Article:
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Astron. Astrophys. 335, L69-L72 (1998)

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5. Comparison of observed and computed spectra

In Fig. 3 we compare the observed ISO spectra near minimum and maximum light with the model spectra based on two hydrostatic model atmospheres and two phases of the dynamical model. The model spectra are normalized to the theoretical continuum, the ISO spectra by linear interpolation between the fluxes at 2.4, 2.8, 3.6, 4.2, 10.3 and 12.3 µm and scaling this pseudo-continuum to an overall level comparable to the corresponding models. A different mean continuum level or different reference wavelengths change the depths of the various features typically by 10 %. A larger uncertainty exists beyond 6 µm due to the broad molecular features and the dust emission (see also Hron et al. 1997).

[FIGURE] Fig. 3. Comparison of normalized, observed ISO spectra (thick full lines) and model spectra based on hydrostatic atmospheres (dotted lines) and on a dynamical model (thin full lines). The upper panel gives the ISO spectra near phase 0.9, the synthetic spectrum for a similar phase of the dynamical model and a hydrostatic model with [FORMULA]=2930 K. The lower panel shows phase 0.4 for the SWS data, the dynamical model, and a hydrostatic model with [FORMULA]=2650 K, respectively.

In general, the observed molecular features in the 2-6 µm region are qualitatively reproduced by all models. While the spectral differences of the static models result from large-scale differences in the model structure, the spectral variations of a hydrodynamical model are mainly caused by the local shock fronts propagating through the atmosphere. Thus, comparing the variations of features which originate in different atmospheric layers can help to identify dynamical effects and to separate them from global changes of the structure. In this context we note that the ratio of the intensities of the features at 3.8[FORMULA]m (mainly C2H2) and 5 µm (mainly C3) changes from less than one to greater than one for the static models while the ratio is always less than one for the dynamical model. An explanation could be that the C3 feature forms at slightly higher temperatures than the C2H2 feature where the pressure differences between the hydrostatic models are smaller than for the dynamical models (due to the shocks). On the other hand, the variations of the 3 µm and 3.8 µm features, which both involve mainly C2H2, are comparable for the static and dynamical models. This indicates that adjusting only the temperature and gravity in hydrostatic models will probably not be sufficient to explain the observed spectra and their variations. We note however that [FORMULA] K near maximum light, as estimated from angular diameter measurements (Dyck et al. 1996) fits the SWS spectrum of R Scl reasonably well.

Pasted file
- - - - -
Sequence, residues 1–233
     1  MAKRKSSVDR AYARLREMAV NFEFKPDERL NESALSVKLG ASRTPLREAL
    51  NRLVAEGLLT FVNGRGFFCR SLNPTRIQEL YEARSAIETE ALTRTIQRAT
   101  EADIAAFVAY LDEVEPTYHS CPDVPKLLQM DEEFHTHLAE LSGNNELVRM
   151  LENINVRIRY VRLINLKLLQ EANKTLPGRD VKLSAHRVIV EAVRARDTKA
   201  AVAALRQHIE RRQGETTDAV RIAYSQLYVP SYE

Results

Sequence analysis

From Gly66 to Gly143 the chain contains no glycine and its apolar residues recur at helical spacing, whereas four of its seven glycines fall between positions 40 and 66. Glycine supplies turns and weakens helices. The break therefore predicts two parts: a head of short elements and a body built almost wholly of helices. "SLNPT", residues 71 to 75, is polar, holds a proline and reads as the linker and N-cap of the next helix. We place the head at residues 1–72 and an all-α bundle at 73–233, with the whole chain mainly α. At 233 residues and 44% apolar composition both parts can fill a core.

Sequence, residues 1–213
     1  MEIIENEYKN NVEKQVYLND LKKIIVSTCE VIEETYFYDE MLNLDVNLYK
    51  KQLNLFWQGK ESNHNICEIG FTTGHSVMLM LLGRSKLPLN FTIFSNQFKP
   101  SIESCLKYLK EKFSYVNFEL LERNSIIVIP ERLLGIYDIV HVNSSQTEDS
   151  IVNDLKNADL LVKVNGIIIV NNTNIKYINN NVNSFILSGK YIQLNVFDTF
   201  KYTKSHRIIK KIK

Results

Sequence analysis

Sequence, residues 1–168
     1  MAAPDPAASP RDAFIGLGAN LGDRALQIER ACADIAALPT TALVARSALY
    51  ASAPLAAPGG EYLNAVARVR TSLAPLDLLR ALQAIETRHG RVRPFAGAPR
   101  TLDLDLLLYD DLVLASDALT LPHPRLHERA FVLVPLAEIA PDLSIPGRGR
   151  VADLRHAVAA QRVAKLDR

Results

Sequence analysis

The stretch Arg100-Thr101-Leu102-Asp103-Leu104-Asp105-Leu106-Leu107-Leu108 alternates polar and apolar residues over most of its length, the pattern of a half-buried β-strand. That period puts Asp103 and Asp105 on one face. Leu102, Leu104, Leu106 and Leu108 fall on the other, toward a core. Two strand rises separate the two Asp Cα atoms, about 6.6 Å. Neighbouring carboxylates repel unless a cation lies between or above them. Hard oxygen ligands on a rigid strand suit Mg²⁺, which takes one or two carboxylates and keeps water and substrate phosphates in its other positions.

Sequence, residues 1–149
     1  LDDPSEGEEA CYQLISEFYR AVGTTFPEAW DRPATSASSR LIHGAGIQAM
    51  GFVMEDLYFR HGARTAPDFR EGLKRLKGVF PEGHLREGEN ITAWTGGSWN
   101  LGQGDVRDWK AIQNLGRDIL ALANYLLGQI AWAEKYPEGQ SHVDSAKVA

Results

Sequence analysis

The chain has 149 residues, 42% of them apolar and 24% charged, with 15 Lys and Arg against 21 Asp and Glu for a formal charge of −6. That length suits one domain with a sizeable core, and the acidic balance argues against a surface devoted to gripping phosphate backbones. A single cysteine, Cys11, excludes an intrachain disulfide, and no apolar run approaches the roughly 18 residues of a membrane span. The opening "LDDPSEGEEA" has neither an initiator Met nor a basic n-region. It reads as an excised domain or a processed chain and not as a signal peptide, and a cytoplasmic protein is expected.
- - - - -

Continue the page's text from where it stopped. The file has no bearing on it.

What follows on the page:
The observed variations of the features shortward of 5 µm are significantly smaller than predicted by the dynamic (and hydrostatic) models and the observed 2.5 µm and 3.8 µm features are also significantly weaker than in the models. This could point to a smaller change in the C2H2 partial pressure, i.e. weaker shocks than in the models. The weaker features could also be caused by a lower mean C2H2 abundance, although this would increase the difference in the 3 µm band intensity near maximum light. Since the 3 µm feature contains also a significant contribution from HCN and this molecule also contributes to the 6-8 µm region, the differences between observations and models could also be due to uncertainties in the data (abundance, opacity). The stronger change in the 3.8 µm band intensity compared to the 2.5 µm band intensity variation is qualitatively reproduced by the models and can be understood by the contributions of CO (and to a smaller extent also C2 and CN) to the 2.5 µm feature. The absorption due to the diatomic molecules originates in deeper layers than the C2H2 absorption and hence also shows weaker changes with pulsational phase (Sect. 4).

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© European Southern Observatory (ESO) 1998

Online publication: June 26, 1998
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